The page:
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Reply with quote  #20 
My favorite part of the show was the portion with his daughter.
The fact that she is well acquainted with Tamariz was incredible:)

The rest of The Magic Way was mostly a highlight reel of things that he’s already done.
Still a delightful distraction from everything that’s going on.

Rudy

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arthur stead

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Reply with quote  #21 
Quote:
Originally Posted by Mbreggar

.... hasn’t that been his history during his ABC specials?


I didn’t watch it.  Never been a big Blaine fan, due to exactly what you’re talking about. 

Lots of clever TV editing, making incredible situations seem possible.  For example, showing him doing a “balancing on one foot” levitation for two young girls, then cutting to him being hoisted way onto the sky by some unseen device, then cutting back to the over-the-top reactions from the girls in the original scene.  Much too fake for my taste!

Although, years ago in Times Square I did walk past him a couple of times when he was trapped in the giant ice cube …. No idea how he did that.


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Waterman

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Reply with quote  #22 
I kept my yapper shut after the first Blaine special around fellow magicians. I was just getting back into magic after settling down with my first teaching job and a young family. I guess I fit the demographics they were aiming for with the audience (as well as being naïve to what good close-up magic should look like for a TV audience) because I enjoyed his first special...very much!

Most of my co-workers and students enjoyed it as well...the levitation was the hottest topic of conversation. The hot topic at my IBM Ring was how someone with zero personality, a pocket full of gaffed decks and a sucky double lift get a F#$%^&* television special??? They were certain his future was doomed and that this first TV appearance would be his last. I felt that due to their experience that they had a better platform from which to critique Blaine...the rigged levitation, his weird personality (this coming from one of the creepiest dudes I ever encountered in my life), and his poor choice of effects all took center stage during our meetings for several months. Eventually ,"The Masked Magician" aired another special and the conversation no longer focused on Blaine. Finally we could talk for 90 minutes about the Masked Magician and then maybe have someone do a trick or two before we retired for the night.

My thoughts on his editing, pre-arranged set-ups, stooges, and whatever other methods he uses to tarnish how magic should be performed are unimportant. Some claim Copperfield has used "cheating" to pull off some of his stage show effects as well... and don't even mention Cris Angel among some magicians...you could get slapped for just saying his name! Penn and Teller have been accused of turning magic into a guessing game of, "How did he do that?" instead of simply showcasing magicians performing and letting the audience believe that there are no secrets...just pure magic!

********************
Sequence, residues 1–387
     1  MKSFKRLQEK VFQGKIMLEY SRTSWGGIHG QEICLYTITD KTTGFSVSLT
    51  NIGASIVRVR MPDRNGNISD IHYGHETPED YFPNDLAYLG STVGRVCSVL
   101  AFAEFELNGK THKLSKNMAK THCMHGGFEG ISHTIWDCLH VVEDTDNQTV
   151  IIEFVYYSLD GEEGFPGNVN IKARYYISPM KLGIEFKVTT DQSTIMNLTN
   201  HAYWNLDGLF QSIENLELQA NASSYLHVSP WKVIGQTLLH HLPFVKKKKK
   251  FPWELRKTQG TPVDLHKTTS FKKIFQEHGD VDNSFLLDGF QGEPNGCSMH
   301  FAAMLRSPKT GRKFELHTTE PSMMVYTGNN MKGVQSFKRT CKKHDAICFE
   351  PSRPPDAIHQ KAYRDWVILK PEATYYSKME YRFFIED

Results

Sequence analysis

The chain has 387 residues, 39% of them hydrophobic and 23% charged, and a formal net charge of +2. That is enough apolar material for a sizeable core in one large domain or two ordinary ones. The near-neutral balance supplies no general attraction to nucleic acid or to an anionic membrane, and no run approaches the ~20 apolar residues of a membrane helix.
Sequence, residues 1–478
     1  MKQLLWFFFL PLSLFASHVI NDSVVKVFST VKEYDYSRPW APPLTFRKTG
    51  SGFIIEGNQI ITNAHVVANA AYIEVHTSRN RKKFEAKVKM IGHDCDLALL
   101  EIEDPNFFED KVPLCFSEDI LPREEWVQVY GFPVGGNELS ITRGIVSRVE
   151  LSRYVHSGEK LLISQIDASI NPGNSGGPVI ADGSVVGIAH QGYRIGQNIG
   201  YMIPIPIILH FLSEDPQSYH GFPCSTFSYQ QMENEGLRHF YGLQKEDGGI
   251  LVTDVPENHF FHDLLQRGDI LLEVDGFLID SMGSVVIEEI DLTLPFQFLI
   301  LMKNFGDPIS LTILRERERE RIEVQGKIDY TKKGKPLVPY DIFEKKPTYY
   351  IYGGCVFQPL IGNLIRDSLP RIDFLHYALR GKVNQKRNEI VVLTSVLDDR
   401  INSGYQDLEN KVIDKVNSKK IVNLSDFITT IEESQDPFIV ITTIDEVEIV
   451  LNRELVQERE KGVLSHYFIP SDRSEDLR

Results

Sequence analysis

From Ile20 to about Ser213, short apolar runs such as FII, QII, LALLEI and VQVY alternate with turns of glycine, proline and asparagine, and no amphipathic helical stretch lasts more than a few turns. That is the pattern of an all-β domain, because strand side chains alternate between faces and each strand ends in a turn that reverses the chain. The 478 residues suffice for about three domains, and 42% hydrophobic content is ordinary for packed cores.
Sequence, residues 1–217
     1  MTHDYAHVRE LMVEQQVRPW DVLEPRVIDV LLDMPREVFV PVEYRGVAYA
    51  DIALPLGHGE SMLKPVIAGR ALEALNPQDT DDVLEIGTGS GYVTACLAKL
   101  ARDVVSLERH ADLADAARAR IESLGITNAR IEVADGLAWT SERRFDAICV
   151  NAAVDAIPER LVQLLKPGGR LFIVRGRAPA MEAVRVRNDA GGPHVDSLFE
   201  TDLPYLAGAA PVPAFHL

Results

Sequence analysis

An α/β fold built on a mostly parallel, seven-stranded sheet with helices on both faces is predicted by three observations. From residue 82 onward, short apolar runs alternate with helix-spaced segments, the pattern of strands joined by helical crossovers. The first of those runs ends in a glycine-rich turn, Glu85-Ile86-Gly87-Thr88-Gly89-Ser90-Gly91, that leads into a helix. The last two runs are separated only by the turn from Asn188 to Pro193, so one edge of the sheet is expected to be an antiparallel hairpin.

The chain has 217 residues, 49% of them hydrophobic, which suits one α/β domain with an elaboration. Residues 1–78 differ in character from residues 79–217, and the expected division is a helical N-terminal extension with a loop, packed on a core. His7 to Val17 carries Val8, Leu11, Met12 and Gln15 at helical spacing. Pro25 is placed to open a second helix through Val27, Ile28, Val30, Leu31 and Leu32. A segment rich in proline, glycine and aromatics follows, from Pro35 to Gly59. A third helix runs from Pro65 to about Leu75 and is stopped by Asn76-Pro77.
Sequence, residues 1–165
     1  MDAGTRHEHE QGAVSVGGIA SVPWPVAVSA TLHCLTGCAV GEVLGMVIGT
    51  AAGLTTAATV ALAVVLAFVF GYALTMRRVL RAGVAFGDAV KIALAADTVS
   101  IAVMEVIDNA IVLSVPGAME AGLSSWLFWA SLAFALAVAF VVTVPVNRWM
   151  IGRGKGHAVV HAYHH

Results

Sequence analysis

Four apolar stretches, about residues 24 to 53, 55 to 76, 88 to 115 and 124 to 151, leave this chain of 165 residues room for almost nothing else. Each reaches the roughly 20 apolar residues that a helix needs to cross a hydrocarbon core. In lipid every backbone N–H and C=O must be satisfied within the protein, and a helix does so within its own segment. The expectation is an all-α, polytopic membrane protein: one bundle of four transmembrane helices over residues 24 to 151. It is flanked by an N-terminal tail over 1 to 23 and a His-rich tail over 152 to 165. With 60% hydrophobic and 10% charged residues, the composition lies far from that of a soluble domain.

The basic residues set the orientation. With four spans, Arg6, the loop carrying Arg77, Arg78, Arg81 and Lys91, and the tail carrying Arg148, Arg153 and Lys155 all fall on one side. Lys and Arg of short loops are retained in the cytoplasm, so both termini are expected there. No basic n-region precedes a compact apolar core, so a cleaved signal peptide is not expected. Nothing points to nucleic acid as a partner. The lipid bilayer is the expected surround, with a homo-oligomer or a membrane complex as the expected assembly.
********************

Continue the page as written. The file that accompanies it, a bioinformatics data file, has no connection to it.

It is my hope that somewhere today a magician among us will eventually present magic through the medium of television in such fashion that none of us will be able to find an issue with how the magic is presented. There will be no camera cuts, stooges, pre-arranged set-ups, fake reactions, magic shop props/gaffs, and other methods of cheating. The performer will be charismatic ,witty, and likable to all age groups and have great chops. I think I know just the person...




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Reply with quote  #23 
Quote:
Originally Posted by Waterman
I kept my yapper shut after the first Blaine special around fellow magicians. I was just getting back into magic after settling down with my first teaching job and a young family. I guess I fit the demographics they were aiming for with the audience (as well as being naïve to what good close-up magic should look like for a TV audience) because I enjoyed his first special...very much!

Most of my co-workers and students enjoyed it as well...the levitation was the hottest topic of conversation. The hot topic at my IBM Ring was how someone with zero personality, a pocket full of gaffed decks and a sucky double lift get a F#$%^&* television special??? They were certain his future was doomed and that this first TV appearance would be his last. I felt that due to their experience that they had a better platform from which to critique Blaine...the rigged levitation, his weird personality (this coming from one of the creepiest dudes I ever encountered in my life), and his poor choice of effects all took center stage during our meetings for several months. Eventually ,"The Masked Magician" aired another special and the conversation no longer focused on Blaine. Finally we could talk for 90 minutes about the Masked Magician and then maybe have someone do a trick or two before we retired for the night.

My thoughts on his editing, pre-arranged set-ups, stooges, and whatever other methods he uses to tarnish how magic should be performed are unimportant. Some claim Copperfield has used "cheating" to pull off some of his stage show effects as well... and don't even mention Cris Angel among some magicians...you could get slapped for just saying his name! Penn and Teller have been accused of turning magic into a guessing game of, "How did he do that?" instead of simply showcasing magicians performing and letting the audience believe that there are no secrets...just pure magic!